Under Tucci, Delmonico’s began pulling New Yorkers downtown for dinners and evenings.
That was thought impossible at that time. The Wall Street area was strictly daytime, lunch or early dinner service only, as it would be deserted at night.
Bringing people (and celebrities like Lana Turner, Gypsy Rose Lee, Virgina Graham, Eva Gabor, Red Buttons and Orson Bean, to name a few) back into a “work only” area of NYC, especially when Harlem was considered Gotham's hot spot, is an astounding testament to the influence of Oscar Tucci.
To put this phenomenon in modern terms, imagine Manhattan-ites flocking en masse to the southern tip of Staten Island for dinner and an evening out.
(Nothing against Staten Island, someday you’ll be a social magnet we’re sure, but it is certainly not this day.)
Besides originating many dishes still popular today, including the Wedge Salad, which Oscar Tucci himself created, Oscar and Mario also continued adding to the famously vast wine collection, making it the largest restaurant wine cellar in the world.
Oscar Tucci established traditions that spread throughout the restaurant industry as a whole and indeed, even in popular culture.
Just as a for instance, it was Oscar’s Delmonico that came up with the term “86,” as in, "to drop something." If a restaurant runs out of a menu item, it is “86'ed.” As the story goes, menu item 86 was very popular and would sell out quickly. The term “86” became slang for, “We’re out of that.”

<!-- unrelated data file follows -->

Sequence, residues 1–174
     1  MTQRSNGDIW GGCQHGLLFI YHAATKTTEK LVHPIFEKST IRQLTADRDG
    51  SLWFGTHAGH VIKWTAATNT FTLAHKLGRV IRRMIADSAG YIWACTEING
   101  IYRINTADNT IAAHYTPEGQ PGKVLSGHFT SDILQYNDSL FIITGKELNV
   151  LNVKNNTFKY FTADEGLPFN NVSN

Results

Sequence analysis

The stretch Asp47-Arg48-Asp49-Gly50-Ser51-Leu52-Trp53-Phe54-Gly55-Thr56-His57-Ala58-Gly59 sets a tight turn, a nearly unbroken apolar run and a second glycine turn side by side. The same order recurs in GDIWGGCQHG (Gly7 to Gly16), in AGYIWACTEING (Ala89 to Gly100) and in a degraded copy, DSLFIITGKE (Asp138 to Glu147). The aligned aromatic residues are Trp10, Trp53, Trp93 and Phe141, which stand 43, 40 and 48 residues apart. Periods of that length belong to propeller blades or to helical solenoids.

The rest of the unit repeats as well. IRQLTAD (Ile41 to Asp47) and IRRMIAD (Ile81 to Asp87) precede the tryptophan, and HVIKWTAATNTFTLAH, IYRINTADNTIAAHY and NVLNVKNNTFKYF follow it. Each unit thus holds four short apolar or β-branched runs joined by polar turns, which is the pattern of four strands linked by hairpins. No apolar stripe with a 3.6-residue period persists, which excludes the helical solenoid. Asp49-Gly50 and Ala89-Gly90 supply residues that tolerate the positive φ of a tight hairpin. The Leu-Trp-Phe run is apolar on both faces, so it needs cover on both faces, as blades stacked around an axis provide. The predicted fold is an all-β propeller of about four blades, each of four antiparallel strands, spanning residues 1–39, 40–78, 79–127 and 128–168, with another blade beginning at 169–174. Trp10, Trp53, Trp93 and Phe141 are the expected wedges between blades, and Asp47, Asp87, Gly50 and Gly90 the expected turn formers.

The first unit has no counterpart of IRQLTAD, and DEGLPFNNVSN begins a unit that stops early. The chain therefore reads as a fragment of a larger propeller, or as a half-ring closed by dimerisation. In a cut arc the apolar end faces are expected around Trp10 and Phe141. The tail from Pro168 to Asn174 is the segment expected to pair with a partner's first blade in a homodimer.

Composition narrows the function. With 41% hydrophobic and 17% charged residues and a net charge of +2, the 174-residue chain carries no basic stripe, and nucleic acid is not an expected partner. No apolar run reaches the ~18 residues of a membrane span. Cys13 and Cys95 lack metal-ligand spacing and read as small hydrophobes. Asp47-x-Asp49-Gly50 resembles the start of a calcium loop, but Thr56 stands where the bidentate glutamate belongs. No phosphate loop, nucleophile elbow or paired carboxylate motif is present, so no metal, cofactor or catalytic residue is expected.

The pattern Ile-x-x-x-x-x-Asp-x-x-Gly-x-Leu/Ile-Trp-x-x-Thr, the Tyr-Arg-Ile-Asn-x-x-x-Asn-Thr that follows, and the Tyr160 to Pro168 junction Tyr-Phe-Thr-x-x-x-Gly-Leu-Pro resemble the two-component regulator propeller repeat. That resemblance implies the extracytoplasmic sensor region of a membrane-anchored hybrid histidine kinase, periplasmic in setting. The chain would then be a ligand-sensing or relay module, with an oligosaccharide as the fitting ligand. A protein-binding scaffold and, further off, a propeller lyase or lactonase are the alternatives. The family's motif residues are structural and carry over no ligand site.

dr_heavenly I rarely post photos of food , but this restaurant was sinfully good! #Delmonicos #NYC #EmpireStateBuilding @piqdating #HeavenKnows #AskDrHeavenly #lobster #mmmmmm!
Within a short period of time, all restaurants in NYC had adopted the term, and it spread out to the rest of the world from there. The term even took on other linguistic uses, such as “86 that” as a command to stop doing or saying a certain thing.
“There’s a beautiful history,” says Max Tucci heir to Oscar's Delmonico's. “Do you want that, the voice of our ancestors, or the same old cheap flash and bang.” He has a valid point.
It is easy to forget about the people who gave us what we have. Those who came before us aren’t often given the credit for establishing the traditions we currently enjoy.
Oscar Tucci shouldn’t be one of those people, and Delmonico’s shouldn’t be one of those places.
This sums up an issue New Yorkers constantly have: we forget what an amazing city we live in; how much has come from here; how much will continue to come from here; how badly we take it for granted.
New Yorkers need to stop and appreciate the history of our city more often, and how much it has contributed to the culture of the entire world.
Oscar Tucci is a good place to start. (P.S., be on the look out for Max Tucci’s book on him and the famous Oscar's Delmonico later this year.)
And hell, if you've ever in the neighborhood, stop on by
[Feature Image Courtesy: Trip Advisor]